With an increase in size from 6 inches to 8 inches, this allows just enough room for more conventional linear motion systems, like the Makerslide v-wheel based aluminum extrusion. This is very easy to get ahold of through Inventables, and much more rigid than my laser cut system. Here I've cut down a large piece into two 24cm sections, and milled the faces to be completely flat after the cut.
The Makerslide attaches to the frame on edge through two M5-tapped holes at either end of the extrusion. This 3D-printable tapping jig on Thingiverse is absolutely essential for this -- a few years ago I tried tapping Makerslide without a jig, and the result was horrible. "Cut a full turn, then back off half a turn to let the material work it's way out. Keep repeating this until your tap is too dirty or the hole is deep enough. Don't forget to use tapping fluid!" -- thanks Dad.
Following the above advice can really lead to some very successfully tapped holes.
While Makerslide provides a very solid slide and carriage, we still need a way to transfer linear motion from a stepper motor to that carriage. I prefer using lead screws for this application rather than belts since the load can rest on the leadscrew, even when the stepper motor isn't powered. Here I've put together a small printable nut holder that low-profile enough to live between the Makerslide and the carriage, and attach with normal M5 extrusion bolts and t-slot nuts.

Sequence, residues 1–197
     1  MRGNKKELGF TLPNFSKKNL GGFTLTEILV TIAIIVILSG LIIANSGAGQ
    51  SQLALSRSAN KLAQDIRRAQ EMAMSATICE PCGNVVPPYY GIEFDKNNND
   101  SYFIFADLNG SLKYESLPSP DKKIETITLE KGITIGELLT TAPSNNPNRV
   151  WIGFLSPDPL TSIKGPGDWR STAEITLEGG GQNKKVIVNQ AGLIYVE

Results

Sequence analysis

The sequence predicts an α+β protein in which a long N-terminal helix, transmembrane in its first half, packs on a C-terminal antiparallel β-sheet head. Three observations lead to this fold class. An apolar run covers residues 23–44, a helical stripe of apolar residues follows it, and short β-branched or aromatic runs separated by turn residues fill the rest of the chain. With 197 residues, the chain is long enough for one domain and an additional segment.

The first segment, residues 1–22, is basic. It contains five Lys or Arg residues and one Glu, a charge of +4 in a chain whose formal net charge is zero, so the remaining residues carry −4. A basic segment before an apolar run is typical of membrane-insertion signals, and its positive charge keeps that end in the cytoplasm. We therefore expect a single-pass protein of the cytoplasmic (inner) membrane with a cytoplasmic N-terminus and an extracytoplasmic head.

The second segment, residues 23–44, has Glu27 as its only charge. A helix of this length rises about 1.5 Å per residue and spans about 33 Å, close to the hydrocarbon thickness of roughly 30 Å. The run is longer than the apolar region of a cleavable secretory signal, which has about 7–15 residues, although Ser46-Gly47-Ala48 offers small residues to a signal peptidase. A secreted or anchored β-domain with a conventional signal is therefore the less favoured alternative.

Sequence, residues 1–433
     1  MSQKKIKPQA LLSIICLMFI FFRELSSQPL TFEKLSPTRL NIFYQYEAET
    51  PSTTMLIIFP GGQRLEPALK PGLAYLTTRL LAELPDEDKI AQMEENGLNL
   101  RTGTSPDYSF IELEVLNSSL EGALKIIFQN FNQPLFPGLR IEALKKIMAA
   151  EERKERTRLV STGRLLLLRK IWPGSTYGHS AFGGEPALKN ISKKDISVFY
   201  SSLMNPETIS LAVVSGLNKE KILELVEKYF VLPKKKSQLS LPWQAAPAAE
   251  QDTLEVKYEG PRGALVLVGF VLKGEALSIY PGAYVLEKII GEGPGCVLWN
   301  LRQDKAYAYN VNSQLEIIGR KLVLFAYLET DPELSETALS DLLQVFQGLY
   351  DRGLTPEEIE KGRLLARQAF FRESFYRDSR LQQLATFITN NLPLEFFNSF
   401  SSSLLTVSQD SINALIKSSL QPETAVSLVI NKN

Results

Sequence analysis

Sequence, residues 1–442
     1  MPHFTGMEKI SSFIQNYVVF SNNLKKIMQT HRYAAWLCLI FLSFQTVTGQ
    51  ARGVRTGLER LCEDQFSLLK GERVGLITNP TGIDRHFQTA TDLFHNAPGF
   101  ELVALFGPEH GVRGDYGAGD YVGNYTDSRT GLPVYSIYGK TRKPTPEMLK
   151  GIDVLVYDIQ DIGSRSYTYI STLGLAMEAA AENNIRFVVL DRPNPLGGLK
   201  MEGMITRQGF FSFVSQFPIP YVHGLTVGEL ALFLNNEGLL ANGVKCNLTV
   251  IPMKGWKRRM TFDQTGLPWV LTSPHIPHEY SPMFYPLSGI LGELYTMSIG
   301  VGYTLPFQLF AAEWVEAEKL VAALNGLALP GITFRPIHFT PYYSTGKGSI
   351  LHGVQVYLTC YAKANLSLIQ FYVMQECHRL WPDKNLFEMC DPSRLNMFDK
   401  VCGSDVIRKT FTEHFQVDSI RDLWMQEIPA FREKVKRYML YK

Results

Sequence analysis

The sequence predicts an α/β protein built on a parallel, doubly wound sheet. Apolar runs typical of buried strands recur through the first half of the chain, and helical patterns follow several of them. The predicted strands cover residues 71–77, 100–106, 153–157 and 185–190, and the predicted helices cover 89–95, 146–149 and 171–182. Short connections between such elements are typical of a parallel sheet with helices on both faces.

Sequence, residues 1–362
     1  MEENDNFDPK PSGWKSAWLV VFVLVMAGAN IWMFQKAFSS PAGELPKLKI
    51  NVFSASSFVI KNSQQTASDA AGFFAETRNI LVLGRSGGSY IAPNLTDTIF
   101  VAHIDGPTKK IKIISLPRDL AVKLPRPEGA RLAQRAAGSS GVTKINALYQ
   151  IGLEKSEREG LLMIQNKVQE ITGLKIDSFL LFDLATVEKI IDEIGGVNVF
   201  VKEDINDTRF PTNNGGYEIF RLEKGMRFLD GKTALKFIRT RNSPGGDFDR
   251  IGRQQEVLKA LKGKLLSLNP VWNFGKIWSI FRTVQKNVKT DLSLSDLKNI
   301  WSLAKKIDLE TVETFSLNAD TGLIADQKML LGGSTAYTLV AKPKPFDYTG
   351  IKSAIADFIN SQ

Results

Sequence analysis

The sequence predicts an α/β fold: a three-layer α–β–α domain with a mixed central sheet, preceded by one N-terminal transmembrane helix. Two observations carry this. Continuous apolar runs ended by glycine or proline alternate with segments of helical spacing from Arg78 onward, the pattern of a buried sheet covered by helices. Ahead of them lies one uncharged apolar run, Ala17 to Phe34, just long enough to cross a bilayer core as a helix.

A nylon M8 nut very snugly fits into the back of the nut holder.
Allowing an M8 threaded nylon rod to be threaded through, and used to transfer linear motion.
While the nylon might seem like an unusual material to use for transferring linear motion, it tends to have a small amount of mechanical play that allows it to self-align when coupled with a rigid linear rail like the Makerslide. I've used traditional steel threaded rod before, but I've found that the small diameter rod tends to bend very easily (even while shipping), and it makes alignment and binding a constant issue. The nylon solves this issue, has a very low friction and wear without lubrication, and is very inexpensive.
Here the printed nut holder can be seen sandwiched between the carriage that it's bolted to, and the Makerslide rail.
The holder is designed to mate with the footprint on a standard wheel carriage plate, to make the linear motion system as rigid and off-the-shelf as possible.
At the bottom, the four NEMA14 motors have been replaced with three NEMA17 motors from Adafruit -- two for the two Makeslide rails, and one to rotate the table. Since the two motors for the linear rail system move in unison, all three motors can be connected to a single Arduino motor shield.
Two 10cm pieces of Misumi aluminum extrusion bridge the gap between the carriages, and provide a solid surface to mount both the detector array (on one side) and the Barium-133 radioisotope source (on the other). The table mock-up is currently just a 3 inch disk, but eventually will need a proper mechanism that couples to the sample container, as well as a bearing to restrict the motion of any off-balance samples.
And it works! With a very smooth motion, on both the linear and rotational axes.
Thanks for reading!